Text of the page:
Foreclosures went up somewhat in January, but it’s believed to be a normal, post-holiday-season bump that is already reversing.

Home prices have risen dramatically in the Phoenix area since reaching a low point in September 2011. The median single-family home price actually went slightly down between December 2012 and January 2013, but it’s expected to be a tiny blip on the radar. The new report by Mike Orr, director of the Center for Real Estate Theory and Practice at the W. P. Carey School of Business, says low inventory will keep forcing home prices higher in the Phoenix area this year.

“The recent decline was predicted in our last report and is a seasonal effect,” explains Orr. “Pricing is almost always weaker in January, but February signals the start of peak buying season that lasts until the end of June. Make no mistake – prices are going to rise significantly during this period. There is nowhere else for them to go until a significant new source of active listings enters this supply-constrained market.”

The median single-family home price was already up 35.3 percent – from $120,500 to $163,000 – from January 2012 to this January. Realtors will note the average price per square foot went up 28.5 percent at the same time. The median price of a townhouse/condominium went up a whopping 45 percent – from $70,000 to $101,500.

Sales activity fell 12 percent from January to January, largely because of the lack of inexpensive homes available for sale. At the higher end of the market, sales are up somewhat from last year, but at the low end, multiple bidders face tough competition for few homes. Discounted, “distressed supply” – like homes from foreclosures and short sales — dropped 38 percent from the beginning of February 2012 to the beginning of February 2013. Overall, the number of single-family homes for sale priced under $150,000 (without a signed contract) is only a 43-day supply. Still, this is better than the 18 days of inventory available in June.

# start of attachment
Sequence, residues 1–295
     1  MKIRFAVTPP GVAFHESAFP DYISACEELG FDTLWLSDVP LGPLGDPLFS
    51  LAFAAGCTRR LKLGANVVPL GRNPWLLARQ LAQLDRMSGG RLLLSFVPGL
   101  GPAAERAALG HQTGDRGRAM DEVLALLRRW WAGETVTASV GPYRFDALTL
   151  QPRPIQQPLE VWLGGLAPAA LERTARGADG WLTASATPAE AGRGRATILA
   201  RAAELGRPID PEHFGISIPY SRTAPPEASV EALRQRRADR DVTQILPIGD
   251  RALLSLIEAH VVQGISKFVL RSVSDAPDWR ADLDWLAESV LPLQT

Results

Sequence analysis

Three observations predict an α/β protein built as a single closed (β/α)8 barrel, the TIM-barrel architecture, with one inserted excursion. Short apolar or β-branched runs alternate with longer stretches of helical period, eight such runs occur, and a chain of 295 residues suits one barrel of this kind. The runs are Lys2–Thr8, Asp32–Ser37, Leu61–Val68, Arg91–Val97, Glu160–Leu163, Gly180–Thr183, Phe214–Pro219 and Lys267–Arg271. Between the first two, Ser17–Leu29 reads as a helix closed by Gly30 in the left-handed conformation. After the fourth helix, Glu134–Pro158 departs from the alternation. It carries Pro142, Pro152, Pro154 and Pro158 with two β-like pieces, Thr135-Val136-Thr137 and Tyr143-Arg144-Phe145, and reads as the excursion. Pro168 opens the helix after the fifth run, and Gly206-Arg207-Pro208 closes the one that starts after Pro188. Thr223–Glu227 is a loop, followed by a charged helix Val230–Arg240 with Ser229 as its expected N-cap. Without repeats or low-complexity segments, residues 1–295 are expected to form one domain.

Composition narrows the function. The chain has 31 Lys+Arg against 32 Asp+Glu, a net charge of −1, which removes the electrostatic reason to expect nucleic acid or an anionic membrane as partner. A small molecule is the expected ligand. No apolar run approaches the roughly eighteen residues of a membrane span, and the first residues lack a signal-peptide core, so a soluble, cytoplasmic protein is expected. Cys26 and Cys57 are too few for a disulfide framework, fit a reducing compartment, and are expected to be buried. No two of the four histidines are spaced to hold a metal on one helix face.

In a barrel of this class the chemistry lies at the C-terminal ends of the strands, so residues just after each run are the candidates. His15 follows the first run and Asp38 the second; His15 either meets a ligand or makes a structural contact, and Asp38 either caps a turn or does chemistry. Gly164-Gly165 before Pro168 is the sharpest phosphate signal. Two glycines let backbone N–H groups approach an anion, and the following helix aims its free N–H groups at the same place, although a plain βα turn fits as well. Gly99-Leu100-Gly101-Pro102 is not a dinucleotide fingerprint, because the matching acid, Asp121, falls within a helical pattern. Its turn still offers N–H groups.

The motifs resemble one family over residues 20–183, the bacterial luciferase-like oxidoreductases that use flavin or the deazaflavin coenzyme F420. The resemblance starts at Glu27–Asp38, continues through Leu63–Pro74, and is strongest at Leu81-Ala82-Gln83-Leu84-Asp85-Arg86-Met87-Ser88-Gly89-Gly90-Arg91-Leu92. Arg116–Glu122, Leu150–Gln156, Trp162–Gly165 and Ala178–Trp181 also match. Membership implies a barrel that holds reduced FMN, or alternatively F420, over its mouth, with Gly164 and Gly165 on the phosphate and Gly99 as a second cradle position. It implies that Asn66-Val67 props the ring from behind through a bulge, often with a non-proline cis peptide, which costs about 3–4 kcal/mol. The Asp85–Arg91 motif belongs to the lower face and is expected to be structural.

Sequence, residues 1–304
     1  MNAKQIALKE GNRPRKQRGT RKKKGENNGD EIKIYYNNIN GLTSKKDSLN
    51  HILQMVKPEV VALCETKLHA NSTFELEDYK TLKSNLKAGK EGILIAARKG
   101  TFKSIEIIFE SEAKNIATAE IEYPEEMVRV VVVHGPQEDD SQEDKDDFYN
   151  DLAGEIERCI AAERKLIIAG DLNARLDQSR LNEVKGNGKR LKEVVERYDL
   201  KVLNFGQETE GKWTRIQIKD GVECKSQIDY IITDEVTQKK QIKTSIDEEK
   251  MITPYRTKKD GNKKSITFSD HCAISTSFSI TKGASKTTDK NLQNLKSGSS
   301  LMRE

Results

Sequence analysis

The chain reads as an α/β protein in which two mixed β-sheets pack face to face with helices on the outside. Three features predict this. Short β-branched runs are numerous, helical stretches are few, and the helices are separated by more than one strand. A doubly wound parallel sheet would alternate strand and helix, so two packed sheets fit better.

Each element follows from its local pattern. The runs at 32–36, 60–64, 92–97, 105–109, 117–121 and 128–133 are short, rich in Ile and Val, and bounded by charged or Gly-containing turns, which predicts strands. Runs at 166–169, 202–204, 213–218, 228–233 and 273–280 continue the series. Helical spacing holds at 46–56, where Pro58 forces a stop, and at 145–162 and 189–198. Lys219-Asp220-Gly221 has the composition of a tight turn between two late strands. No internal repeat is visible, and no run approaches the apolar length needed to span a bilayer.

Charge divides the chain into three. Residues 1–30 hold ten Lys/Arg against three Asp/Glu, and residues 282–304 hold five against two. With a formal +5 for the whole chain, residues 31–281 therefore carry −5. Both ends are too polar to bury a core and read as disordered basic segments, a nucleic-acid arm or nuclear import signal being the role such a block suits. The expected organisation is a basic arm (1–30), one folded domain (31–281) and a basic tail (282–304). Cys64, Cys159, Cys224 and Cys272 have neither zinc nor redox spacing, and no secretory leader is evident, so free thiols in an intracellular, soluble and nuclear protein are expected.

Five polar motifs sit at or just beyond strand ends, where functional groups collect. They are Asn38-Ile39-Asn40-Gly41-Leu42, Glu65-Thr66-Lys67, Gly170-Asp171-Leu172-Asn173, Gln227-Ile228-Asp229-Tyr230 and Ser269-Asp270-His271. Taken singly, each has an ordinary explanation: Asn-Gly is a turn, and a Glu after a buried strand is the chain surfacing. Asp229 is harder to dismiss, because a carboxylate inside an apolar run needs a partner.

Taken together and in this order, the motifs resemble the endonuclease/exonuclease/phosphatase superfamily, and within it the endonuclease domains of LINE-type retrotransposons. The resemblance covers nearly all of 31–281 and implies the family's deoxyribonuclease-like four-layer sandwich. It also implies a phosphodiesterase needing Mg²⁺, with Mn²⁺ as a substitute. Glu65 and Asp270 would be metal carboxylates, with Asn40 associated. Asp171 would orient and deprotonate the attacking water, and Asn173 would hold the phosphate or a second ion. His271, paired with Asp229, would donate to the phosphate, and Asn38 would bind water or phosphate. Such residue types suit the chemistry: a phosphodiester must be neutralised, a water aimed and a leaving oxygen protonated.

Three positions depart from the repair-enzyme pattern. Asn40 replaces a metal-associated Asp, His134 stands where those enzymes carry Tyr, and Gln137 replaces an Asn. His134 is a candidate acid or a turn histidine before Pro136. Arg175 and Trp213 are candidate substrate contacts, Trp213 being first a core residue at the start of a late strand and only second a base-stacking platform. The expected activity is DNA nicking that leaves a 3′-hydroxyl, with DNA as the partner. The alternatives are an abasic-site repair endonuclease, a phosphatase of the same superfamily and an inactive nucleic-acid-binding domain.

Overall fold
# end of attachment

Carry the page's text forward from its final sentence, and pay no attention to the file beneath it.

“We still have a long-term supply shortage with only about 50 percent of the active listings (without contracts) that we would expect to see in a normal market,” says Orr. “Consequently, the trend is for prices to continue to rise across most sectors. Most homes priced reasonably below $500,000 continue to attract multiple offers in a short time. Sellers are firmly in control.”

Since the number of bargain foreclosed homes and short sales available is generally dropping, many buyers are turning to alternatives like new-home sales, which are up an incredible 61 percent this January from last January. New-home construction permits are up 42 percent from a year ago. Home builders bought up a massive 2,272 lots in December to help meet demand. However, the trend dropped off in January, with only 143 lots changing hands, so Orr says the sales appear to have been timed for tax purposes by sellers concerned about paying higher tax rates in 2013.

Also, investor purchases are declining slowly after peaking in late summer, and Orr anticipates they will decline further as fewer bargains can be found. The percentage of investor purchases in Maricopa County dropped from 39.2 percent in January 2012 to 31.8 percent this January. Orr adds he doesn’t think large investors are driving the market as much as some analysts would have you believe.

“Some commentators have suggested that the presence of large investors is causing the recent price rise,” says Orr. “This vastly exaggerates their effect on our market. Large investors account for only around 8 percent of purchases, and if they disappeared overnight, there still would not be enough homes on the market to satisfy the small investors, second-home buyers and regular owner-occupiers.”